Perhaps the worst-kept secret among “the right crowd” in motor sport circles in 1929 was the development of the supercharged Bentley. As early as 1 January, 1929 the “Morning Post” suggested that two UK companies would be entering supercharged cars for Le Mans that year and in July 1929, when the “Morning Post” announcement had proved premature, “The Autocar” reported: “It is no secret that experiments have been carried out for a very long time with 4.5-liter Bentleys and a supercharger.”
The inspiration behind the “Blower” Bentley was the legendary Tim Birkin whose family Nottingham lace business struggled to finance his motor sport aspirations. W.O. Bentley never supported the development of the supercharged car and is quoted as saying how much he “disliked the easy short cut provided by the supercharger,” preferring the addition of liters, as evidenced by the 6.5-liter and eight-liter cars, and the increasing use of Elektron castings to reduce front end weight. Nevertheless “W.O.” did not control the purse strings at Bentley Motors Ltd. and the influence of Birkin, backed by the fabulously wealthy Woolf Barnato, saw the supercharged 4.5-liter Bentley come to fruition.
The first production model, Chassis no. SM 3903, a sporting four-seater by Vanden Plas was exhibited on Stand 130 at The Motor Exhibition at Olympia in October 1929, a car which was to be retained as the Company demonstrator. Similar in many respects to the standard 4.5-liter car, the new car was however immediately distinguishable by the massive supercharger protruding at the base of the radiator.
Amherst Villiers had been commissioned by Birkin to design a supercharged unit, Birkin no doubt having noted Villiers’ successes with the supercharged Vauxhall Villiers and feeling that here was the answer to racing success. The cars were fitted with an Amherst Villiers Supercharger Mark IV, Roots-type, with twin paddle rotors, drawing mixture from twin S.U. carburetors and driven off the front of the crankshaft. The crankshaft itself had been substantially strengthened to accommodate the power of the new car.
The supercharger was to the design of Villiers’ engineer and draughtsman Murray Jamierson, who later claimed fame in racing circles with the diminutive supercharged monoposto Austin 7’s, a far cry from the mighty 4.5-liter Bentley. With 9.5 lbs boost at 3,500 rpm the blown Bentley developed 175 bhp and with 10 lbs boost at 3,900 rpm, 182 bhp was produced. Writing of a supercharged Bentley in 1931 “Motor Sport” related: “The supercharging has made possible remarkable acceleration, and when a stretch of open road appears, and the gears are used as they should be, the car momentarily doffs its sheep’s clothing and reveals its ancestry of well-tried racers.”
This car was completed in August 1930 and retained by Bentley Motors Ltd. as the second showroom demonstrator. Some 50 supercharged production Bentleys were built to comply with homologation rules for Le Mans, and some 34 were furnished with Vanden Plas coachwork of which 26 were sports tourers. This car carries its original lightweight fabric covered four-seater tourer coachwork by Vanden Plas (Body No. 1682), although the original flowing wings were replaced by the existing cycle wings over 50 years ago. The car with its original wings is illustrated in “Bentley – The Vintage Years” by Michael Hay, p.146. Bentley records indicate that the company sold the car in 1932 to P. Chandler and the car had four further pre-war owners.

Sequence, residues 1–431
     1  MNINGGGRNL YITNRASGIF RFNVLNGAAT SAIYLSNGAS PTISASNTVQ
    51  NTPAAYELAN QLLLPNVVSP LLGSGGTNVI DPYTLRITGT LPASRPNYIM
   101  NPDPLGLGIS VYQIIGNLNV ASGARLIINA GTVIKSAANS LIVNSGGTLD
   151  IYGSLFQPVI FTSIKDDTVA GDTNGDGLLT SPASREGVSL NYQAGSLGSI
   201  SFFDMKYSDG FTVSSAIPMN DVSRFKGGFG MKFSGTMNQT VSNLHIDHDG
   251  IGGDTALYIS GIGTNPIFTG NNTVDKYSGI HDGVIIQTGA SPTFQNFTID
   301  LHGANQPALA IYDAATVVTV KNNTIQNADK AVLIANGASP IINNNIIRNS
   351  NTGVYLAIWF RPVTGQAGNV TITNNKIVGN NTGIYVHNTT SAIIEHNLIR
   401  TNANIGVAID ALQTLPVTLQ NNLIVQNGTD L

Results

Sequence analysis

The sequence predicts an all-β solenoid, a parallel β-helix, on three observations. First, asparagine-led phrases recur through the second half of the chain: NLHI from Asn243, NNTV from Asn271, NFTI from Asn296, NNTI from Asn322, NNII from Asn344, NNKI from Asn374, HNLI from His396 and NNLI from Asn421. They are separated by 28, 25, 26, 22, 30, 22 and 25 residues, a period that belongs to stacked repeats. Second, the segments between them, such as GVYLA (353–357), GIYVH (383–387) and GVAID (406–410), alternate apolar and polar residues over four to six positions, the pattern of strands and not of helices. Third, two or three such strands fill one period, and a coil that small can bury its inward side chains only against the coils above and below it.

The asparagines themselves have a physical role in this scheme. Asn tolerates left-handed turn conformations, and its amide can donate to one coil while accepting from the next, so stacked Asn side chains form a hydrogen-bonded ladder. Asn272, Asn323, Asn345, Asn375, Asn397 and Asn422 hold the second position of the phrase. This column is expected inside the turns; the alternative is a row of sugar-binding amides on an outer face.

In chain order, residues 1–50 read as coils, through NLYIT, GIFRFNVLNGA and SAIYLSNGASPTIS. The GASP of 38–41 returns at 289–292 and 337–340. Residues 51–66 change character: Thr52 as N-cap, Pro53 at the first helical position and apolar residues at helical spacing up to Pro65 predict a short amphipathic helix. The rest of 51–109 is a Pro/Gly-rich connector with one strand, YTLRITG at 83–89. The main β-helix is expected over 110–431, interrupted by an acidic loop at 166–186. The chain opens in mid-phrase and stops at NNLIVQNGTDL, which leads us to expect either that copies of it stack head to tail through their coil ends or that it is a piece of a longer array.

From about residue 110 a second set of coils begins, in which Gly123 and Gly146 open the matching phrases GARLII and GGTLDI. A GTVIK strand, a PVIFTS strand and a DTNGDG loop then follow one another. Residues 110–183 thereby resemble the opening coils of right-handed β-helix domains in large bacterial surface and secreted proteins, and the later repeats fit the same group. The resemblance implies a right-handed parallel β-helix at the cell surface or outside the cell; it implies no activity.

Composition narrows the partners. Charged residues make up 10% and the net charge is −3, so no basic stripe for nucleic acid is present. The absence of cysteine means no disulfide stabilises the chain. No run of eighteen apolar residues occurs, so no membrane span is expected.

In 1943 the car was acquired by its previous owner and remained in his hands for a remarkable 51 years. Found in a Colnbrook Orchard in 1943 at a time when its new owner, an aeronautical engineer, was employed by Napier at Acton, a deal was struck and the car was to be used almost every day.
The car was in constant use during that period of 51 years and was maintained by its qualified aeronautical engineer owner, who until recent years flew his own Tiger Moth and counted Amherst Villiers among his circle of engineer friends.
The original fabric body has been retained and has a delightful patina of age with isolated areas of aircraft fabric and dope patching reflecting its previous owner’s other passion.
In recent years, the gearbox has been rebuilt, the crown wheel and pinion fitted with new bearings and reground crankshaft were installed in the engine some years ago. The body has never been removed from the chassis during the last 50 years and one or two modifications have been fitted by the previous owner such as new mixture control flow levers from a Tiger Moth, a switched electric fan, two BTH CISE 12-S magnetos, two SU HGV5 carburetors, an oil cooler and some aircraft instrumentation.
Earlier this year the car was driven to Goodwood for the Festival of Speed Press Day, behaving impeccably and making an impressive climb of the hill.
This well known car, one of the most original of the surviving “Blowers,” will grace the best stocked motorhouse, will leave almost all vintage cars at the traffic lights, will take the fast route to the Cote d’Azur and would surely by a “preservation class” winner in a Concours d’Etat.